- Selected Poems by William Barnes, edited by Andrew Motion
Penguin, 171 pp, £6.99, May 1994, ISBN 0 14 042379 6
- Selected Poems by William Barnes, read by Alan Chedzoy
Barnes’s poems prompt no new questions about poetry, and no new convictions about it. The hoariest truths about poetry will always be new and questionable to some people, especially those (they are many) who think that poetry is a certainty-free zone from which, because ‘the wind bloweth where it listeth,’ all categorical assertions are debarred as dogmatic, as ‘prescriptive’. The most modest reassertion of principles, however time-honoured and well-attested, will fall under this ban, and so it’s to be expected that even poetry so far from challenging as Barnes’s will be found, by some, to ‘raise far-reaching questions’. Moreover, it’s widely thought that poetry by its nature has to be challenging; and so to call Barnes unchallenging will be thought to set him down as inauthentic or at best third-rate. Of course he is neither:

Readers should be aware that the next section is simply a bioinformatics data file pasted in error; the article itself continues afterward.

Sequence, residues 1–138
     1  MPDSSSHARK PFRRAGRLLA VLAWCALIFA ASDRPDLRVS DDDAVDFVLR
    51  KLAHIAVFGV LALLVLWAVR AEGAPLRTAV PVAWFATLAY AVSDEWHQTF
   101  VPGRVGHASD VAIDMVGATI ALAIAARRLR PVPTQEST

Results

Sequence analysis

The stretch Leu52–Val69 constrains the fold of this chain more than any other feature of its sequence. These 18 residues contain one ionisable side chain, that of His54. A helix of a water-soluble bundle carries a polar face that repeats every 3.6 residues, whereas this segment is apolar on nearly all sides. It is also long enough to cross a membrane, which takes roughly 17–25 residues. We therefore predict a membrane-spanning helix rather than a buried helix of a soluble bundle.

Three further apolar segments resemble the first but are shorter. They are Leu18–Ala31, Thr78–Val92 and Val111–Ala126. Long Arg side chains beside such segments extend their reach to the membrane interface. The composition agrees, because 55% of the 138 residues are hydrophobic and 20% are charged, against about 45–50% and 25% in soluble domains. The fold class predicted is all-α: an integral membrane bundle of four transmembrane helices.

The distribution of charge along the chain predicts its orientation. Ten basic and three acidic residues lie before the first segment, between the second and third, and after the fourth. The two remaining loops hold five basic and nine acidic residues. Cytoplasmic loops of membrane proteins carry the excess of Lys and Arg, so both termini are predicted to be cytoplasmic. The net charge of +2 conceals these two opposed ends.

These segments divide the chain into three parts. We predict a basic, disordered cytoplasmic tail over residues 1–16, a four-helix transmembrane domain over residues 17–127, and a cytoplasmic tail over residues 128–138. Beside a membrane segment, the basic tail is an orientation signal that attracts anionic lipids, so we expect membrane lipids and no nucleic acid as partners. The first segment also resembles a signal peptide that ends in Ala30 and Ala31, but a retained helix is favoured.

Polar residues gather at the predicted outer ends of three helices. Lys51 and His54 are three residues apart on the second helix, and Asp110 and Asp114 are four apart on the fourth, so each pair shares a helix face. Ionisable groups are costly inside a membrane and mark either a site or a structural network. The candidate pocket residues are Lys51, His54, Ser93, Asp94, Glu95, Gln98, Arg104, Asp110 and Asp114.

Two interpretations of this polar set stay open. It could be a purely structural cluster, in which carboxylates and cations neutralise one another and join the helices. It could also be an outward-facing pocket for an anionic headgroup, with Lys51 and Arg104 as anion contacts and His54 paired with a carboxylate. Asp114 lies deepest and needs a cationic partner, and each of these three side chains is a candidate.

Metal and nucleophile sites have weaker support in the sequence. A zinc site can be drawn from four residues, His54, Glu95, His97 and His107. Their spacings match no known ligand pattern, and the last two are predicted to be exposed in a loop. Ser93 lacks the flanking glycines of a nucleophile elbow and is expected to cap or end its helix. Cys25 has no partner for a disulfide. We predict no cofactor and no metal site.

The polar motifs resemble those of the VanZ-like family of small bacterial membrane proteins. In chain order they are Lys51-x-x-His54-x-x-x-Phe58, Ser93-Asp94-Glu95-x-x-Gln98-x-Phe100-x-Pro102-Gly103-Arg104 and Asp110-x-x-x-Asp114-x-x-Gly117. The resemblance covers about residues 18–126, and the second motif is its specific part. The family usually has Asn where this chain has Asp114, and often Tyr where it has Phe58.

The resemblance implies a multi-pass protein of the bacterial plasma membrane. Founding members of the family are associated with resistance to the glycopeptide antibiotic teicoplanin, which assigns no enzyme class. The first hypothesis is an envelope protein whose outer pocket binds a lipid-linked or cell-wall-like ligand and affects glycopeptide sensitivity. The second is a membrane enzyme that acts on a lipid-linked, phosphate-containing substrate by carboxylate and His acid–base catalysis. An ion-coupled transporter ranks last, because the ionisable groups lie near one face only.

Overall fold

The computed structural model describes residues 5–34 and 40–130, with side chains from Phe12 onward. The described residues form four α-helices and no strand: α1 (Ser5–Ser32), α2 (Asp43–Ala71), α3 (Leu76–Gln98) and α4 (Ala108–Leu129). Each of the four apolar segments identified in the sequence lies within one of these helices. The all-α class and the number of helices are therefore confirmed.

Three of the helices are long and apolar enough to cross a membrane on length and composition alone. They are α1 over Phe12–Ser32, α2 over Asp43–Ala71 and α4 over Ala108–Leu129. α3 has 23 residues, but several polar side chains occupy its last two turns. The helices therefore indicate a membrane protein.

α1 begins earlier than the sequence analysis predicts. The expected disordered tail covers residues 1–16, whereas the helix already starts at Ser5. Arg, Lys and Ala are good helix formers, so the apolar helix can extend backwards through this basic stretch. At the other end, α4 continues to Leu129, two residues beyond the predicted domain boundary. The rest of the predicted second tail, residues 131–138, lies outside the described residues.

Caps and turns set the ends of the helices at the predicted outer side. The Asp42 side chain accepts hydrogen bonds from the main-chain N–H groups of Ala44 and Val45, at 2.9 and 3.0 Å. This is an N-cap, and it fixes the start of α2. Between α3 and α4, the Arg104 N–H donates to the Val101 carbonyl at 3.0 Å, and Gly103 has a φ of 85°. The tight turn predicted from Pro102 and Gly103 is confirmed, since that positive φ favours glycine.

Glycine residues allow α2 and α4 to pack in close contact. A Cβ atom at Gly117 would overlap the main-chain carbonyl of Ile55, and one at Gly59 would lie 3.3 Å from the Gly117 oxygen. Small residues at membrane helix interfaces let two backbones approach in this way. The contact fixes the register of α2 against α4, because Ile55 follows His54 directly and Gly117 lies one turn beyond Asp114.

The full text of this book review is only available to subscribers of the London Review of Books.